synergetic effort by the Indian Navy, the Coast Guard and the maritime surveillance units with the coastal states. A terror driven, nuclear armed Pakistan, individually or in collusion with China, makes India’s external intelligence gathering and analysis capabilities put under severe stress. The nuclear programmes of both the nations and their collusive nuclear endeavours need to be effectively monitored.
The Central government, with its overwhelming and a clear mandate, has a unique opportunity to streamline India’s apex intelligence management without waiting for the next crisis to happen. A few reforms are the need of the hour to enable our vast intelligence apparatus becoming adequately responsive to thwart the diverse security challenges confronting the nation. There are 14 intelligence agencies, civil and military, servicing the intelligence needs of the nation. First and foremost, the apex level intelligence management is virtually handled by the National Security Adviser (NSA) through the National Intelligence Board and the Joint Intelligence Committee (JIC). It is the considered opinion of many security experts that, apart from tasking and coordinating intelligence work at the macro level, there is far too much on the NSA’s plate and thus India needs, on the lines of the US, an exclusive intelligence head who could be designated as the National Intelligence Coordinator. The latter would be able to provide comprehensive integrated intelligence assessments to the Cabinet Committee on Security and the NSA and leave the latter to concentrate on the larger and macro issues concerning strategic matters afflicting the nation.
TECHINT constituting signals cum communications intelligence, satellite imagery, cyber security et al are a
function of resources and the nation’s technological advancements and we are doing well in this sphere. However, India’s intelligence agencies suffer from inadequacy in HUMINT resources and the government must take necessary steps to attract the right human resources for this important and onerous task including recruiting
personnel, including from the academia, civil establishments and also with IT and linguistic skills of the
languages obtaining in our neighbourhood. The DIA must also gear up for achieving expertise in HUMINT across the world albeit in military aspects.
The absence of the much awaited Chief of Defence Staff has ensured sub-optimal utilisation of this prestigious institution.
The DIA has to be adequately prepared for intelligence gathering and analysis as regards activities by powers, inimical to India’s interests not only in the Indian Ocean/Pacific Ocean etc, as mentioned earlier, but to
monitor China’s aggressive designs and development of infrastructure in the peripheries of our border regions. Importantly, the Services HQ must impress upon the CCS/MOD to speedily authorise the establishment of the tri services Cyber Command and ensure adequate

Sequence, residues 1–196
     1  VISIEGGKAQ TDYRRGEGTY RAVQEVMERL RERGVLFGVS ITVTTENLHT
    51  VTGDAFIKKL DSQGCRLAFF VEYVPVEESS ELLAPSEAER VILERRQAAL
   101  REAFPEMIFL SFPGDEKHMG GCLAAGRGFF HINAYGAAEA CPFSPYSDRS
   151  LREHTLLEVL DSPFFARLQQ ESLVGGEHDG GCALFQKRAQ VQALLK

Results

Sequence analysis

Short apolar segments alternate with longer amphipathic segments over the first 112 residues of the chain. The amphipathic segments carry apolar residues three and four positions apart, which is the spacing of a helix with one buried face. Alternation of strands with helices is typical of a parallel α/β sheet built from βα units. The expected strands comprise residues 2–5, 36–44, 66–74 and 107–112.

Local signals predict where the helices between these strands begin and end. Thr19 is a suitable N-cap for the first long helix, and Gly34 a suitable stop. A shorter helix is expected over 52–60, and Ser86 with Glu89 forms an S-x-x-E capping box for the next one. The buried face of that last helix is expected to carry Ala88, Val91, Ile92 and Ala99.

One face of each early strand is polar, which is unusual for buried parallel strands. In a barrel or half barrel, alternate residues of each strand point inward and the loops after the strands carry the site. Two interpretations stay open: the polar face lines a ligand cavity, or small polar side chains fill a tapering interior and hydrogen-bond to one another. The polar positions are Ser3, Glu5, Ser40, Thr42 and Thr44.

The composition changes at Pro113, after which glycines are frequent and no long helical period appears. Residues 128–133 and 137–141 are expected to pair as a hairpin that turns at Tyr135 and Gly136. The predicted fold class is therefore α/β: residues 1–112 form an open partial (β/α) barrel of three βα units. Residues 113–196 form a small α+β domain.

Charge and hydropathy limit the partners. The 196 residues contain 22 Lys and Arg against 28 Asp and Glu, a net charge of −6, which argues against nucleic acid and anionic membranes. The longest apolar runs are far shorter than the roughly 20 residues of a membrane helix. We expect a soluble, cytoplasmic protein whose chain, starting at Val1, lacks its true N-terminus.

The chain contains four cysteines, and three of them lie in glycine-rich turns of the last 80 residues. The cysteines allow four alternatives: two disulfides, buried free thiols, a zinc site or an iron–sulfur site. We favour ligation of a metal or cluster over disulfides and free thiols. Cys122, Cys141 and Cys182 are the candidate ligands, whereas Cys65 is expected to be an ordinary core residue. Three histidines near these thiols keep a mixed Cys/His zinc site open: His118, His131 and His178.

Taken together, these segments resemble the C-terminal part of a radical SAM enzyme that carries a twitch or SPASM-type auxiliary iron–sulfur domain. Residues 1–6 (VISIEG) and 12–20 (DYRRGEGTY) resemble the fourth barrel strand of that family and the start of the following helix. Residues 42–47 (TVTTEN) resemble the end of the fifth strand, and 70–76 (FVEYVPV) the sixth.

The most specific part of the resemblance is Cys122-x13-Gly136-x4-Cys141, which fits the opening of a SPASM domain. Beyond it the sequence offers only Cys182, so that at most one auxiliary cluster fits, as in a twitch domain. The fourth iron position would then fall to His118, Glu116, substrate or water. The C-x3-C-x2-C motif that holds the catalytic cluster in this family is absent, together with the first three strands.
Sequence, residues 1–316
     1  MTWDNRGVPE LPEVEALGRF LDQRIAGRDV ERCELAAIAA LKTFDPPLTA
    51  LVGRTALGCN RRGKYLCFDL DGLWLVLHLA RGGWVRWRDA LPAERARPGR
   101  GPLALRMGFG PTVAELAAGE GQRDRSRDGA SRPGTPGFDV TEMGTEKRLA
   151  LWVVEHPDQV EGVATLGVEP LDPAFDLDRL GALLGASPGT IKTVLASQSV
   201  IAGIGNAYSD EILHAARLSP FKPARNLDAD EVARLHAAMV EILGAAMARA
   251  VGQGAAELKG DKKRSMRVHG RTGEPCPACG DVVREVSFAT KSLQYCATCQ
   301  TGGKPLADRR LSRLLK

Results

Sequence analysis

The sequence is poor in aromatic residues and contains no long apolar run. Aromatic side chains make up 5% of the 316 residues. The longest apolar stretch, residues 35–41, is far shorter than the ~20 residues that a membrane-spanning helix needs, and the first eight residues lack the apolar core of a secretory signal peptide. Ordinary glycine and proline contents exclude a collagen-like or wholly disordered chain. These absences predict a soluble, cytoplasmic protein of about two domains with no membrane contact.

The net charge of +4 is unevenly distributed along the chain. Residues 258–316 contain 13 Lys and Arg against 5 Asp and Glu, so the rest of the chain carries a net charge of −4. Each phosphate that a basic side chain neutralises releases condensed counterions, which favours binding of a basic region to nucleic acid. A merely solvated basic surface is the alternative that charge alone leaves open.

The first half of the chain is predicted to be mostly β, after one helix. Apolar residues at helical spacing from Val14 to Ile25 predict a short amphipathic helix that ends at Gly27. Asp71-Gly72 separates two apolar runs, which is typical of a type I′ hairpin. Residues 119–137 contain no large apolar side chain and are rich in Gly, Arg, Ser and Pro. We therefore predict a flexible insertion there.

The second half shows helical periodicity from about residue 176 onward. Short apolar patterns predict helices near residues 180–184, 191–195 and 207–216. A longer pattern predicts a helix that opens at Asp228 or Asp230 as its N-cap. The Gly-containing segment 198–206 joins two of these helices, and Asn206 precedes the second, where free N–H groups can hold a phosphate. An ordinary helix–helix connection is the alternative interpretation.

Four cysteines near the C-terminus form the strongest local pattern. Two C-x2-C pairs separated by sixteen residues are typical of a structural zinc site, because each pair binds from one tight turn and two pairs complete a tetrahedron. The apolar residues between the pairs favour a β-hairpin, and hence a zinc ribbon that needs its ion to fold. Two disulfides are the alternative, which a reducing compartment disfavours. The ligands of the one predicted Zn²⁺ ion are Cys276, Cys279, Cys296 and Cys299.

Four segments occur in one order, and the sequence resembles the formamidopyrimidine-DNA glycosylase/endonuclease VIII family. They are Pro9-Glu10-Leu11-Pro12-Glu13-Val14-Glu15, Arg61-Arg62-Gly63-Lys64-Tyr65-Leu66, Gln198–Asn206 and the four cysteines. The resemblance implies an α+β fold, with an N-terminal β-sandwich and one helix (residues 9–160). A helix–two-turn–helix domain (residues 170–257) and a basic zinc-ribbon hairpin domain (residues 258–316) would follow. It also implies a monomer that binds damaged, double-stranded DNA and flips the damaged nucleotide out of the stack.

capabilities in both the offensive and defensive aspects of cyber warfare. China’s growth in all nuances of Information Warfare has been phenomenonal and Indian
intelligence agencies, especially the NTRO and DIA need to factor in their planning and coordination.
The Centre must speedily implement the many sound recommendations of various Police Reforms Commissions, gathering dust, which will strengthen policing and intelligence gathering at the grassroots level especially in areas afflicted by Left Wing Extremism and indigenous insurgencies. Importantly, the central government may wish to consider bringing all its intelligence agencies under some form of parliamentary
oversight to make them better accountable. Amazingly, till now, only the National Investigative Agency (NIA) has been legally mandated by an Act of Parliament! Intelligence agencies, the world over, have a history of internecine turf battles, ‘one-upmanship’, apart from lack of coordination with each other. This malaise could be tided over by enlightened leadership of various heads of intelligence outfits in the larger interests of the nation. Additionally, Indian intelligence agencies must reach out to the intelligence agencies of friendly foreign countries and share information on terrorist outfits which pose common threats. Global problems require global solutions and thus intelligence agencies will have to work towards synergising their resources bearing in mind, off course, their own national interests and how much can be shared. Interpol represents a good example of intelligence sharing among the investigative agencies across the world.
India, today, stands on the threshold of becoming a reckonable global player—the art and science of Intelligence will have a major role to play in the attainment of India’s future goals and thwarting challenges to its security. It will be solely in India’s interest to develop and exploit Intelligence as an effective force
multiplier and a suitable weapon for India’s statecraft in our increasingly troubled region and the world.
(The writer is a Deputy Chief of the Integrated Defence Staff and was the first Chief of the DIA raised after KRC report was implemented)